A recent MARTA (Metropolitan Atlanta Rapid Transit Authority) bus accident in Atlanta has brought the issue of bus-related accidents to the forefront of public attention. The Atlanta Journal Constitution (AJC) reported that both a pedestrian and a passenger on the bus suffered injuries after a bus turning left struck a pedestrian in a crosswalk. The AJC also reported that officers issued the bus driver a citation for failing to yield to a pedestrian.
In this case, it is clear that the driver was responsible, but in other cases, there may be many potential responsible parties.
Who can be legally responsible for a bus accident?
Liability for an accident involving a MARTA bus will, of course, depend on the facts of the case but liable parties may include:
- The driver: If the driver of the MARTA bus fails to follow the traffic laws, or is otherwise negligent, and causes an accident, victims may be able to hold the driver liable.
- The city: Given that the City of Atlanta governs the transportation of passengers on its buses, the city itself may be liable for any MARTA accidents.
- The bus manufacturer or auto shop: If the accident was due to a mechanical failure or some other equipment issue, the manufacturing firm or the company responsible for ensuring the operation of the buses may be liable. If an auto shop’s incorrect repairs led to the accident, victims may be able to hold the auto shop liable.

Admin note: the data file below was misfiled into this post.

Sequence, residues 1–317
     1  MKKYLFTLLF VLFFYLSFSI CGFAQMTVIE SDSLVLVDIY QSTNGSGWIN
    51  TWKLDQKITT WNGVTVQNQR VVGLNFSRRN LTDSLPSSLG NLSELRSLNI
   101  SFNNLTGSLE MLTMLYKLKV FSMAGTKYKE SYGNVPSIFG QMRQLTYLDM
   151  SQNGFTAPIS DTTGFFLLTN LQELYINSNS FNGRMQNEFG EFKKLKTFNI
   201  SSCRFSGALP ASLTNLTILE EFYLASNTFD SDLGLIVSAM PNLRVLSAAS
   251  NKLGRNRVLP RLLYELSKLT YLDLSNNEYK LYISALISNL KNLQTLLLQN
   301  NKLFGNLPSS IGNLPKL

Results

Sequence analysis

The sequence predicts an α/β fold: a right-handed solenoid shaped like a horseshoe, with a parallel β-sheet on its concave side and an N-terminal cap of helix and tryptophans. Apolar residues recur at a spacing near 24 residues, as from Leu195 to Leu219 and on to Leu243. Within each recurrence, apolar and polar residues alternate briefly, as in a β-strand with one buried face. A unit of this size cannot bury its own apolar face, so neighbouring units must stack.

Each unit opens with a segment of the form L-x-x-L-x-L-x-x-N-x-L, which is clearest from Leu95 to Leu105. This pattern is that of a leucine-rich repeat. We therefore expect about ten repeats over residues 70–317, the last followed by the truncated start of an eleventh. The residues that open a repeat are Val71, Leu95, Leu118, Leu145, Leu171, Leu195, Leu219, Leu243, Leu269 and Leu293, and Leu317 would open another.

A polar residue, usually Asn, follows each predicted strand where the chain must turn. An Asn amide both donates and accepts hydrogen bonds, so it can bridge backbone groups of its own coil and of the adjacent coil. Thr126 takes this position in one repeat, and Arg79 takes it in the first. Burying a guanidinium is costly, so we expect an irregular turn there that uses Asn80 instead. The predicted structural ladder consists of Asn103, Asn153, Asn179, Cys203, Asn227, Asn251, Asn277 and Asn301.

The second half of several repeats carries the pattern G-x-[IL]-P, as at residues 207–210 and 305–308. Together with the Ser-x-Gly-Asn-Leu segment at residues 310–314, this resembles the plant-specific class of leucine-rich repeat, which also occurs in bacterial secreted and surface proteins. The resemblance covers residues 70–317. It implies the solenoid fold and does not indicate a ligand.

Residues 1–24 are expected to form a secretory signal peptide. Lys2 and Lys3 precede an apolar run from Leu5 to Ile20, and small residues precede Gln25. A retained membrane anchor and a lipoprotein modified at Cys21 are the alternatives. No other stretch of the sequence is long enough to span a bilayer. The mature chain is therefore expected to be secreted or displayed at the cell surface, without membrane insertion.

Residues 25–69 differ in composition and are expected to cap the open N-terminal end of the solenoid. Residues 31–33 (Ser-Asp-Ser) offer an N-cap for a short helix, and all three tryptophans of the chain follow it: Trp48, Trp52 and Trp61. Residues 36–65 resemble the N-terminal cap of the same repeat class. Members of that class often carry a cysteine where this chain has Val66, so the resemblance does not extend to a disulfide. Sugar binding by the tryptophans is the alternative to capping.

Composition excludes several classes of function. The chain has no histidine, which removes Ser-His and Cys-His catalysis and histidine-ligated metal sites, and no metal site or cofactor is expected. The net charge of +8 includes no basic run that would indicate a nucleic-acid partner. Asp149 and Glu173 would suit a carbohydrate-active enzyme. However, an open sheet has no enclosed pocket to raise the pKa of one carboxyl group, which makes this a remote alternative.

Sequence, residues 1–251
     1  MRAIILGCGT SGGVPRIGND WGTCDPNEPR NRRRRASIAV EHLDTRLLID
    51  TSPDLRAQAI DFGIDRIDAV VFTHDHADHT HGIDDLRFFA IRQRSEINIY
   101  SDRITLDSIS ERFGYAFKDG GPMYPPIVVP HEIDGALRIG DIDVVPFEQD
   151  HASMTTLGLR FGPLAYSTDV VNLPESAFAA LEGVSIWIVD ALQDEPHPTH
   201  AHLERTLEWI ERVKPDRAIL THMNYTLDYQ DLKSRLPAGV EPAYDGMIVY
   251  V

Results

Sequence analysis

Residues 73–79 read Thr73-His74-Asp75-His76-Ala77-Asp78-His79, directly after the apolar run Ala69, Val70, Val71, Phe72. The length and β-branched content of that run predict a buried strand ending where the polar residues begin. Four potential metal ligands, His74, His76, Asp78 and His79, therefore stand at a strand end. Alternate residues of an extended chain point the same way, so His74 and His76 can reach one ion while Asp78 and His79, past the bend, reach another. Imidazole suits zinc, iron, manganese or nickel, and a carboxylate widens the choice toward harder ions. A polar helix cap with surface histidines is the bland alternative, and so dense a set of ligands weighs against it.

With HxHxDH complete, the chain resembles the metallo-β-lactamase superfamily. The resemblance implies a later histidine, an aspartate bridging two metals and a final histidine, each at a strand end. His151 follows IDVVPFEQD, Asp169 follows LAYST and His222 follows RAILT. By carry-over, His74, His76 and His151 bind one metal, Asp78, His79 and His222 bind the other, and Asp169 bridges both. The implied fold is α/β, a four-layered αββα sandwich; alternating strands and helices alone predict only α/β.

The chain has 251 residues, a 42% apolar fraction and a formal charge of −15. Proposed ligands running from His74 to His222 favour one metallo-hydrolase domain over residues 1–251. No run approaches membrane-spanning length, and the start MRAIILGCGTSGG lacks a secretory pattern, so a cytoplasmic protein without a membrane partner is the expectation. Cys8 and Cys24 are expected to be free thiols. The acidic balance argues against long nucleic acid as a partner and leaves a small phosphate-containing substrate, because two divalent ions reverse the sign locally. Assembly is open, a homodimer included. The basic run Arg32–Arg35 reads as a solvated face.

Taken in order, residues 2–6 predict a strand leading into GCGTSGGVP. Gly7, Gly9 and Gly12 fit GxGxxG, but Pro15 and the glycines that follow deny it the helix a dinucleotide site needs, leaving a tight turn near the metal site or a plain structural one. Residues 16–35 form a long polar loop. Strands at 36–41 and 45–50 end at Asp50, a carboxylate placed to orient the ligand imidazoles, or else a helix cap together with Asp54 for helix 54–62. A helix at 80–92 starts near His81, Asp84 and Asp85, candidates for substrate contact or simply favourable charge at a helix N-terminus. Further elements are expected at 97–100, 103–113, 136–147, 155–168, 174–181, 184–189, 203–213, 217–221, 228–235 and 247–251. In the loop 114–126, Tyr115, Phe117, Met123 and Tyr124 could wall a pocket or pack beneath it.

- Another driver: If another driver’s negligence caused the accident, that driver may be liable.
What do victims need to do to hold a bus driver liable?
Georgia law considers bus drivers “common carriers” and requires them to uphold a standard of "extraordinary diligence." O.C.G.A. § 46-9-1 provides that the presumption of the law is against them in the case of loss.
This does not excuse an injured party from having to prove that the fault was due to the negligence of the driver, but rather, simply holds the driver (and carrier) to a higher standard of care.
Drivers engaged in any of the following acts fail to meet this increased duty.
- Driving while impaired
- Driving while fatigued
- Distracted driving
- Failing to follow posted traffic signs
- Failing to stop
- Following too close
Essentially, any operation of a common carrier vehicle that puts passengers or third parties at risk is a violation of the standard of care owed to them.
Bringing a Claim against the City
As described above, the City of Atlanta operates MARTA; therefore, to bring a claim against MARTA is to bring a claim against the city. To bring a claim against the City of Atlanta, victims must satisfy certain requirements. Claims against the government are complicated and have very strict time limits. A lawyer can help.
Make sure you speak with an Atlanta auto accident lawyer at the Law Office of Jason R. Schultz, P.C. if you or someone you care about suffered injuries in a MARTA bus accident. Contact us today at 404-474-0804.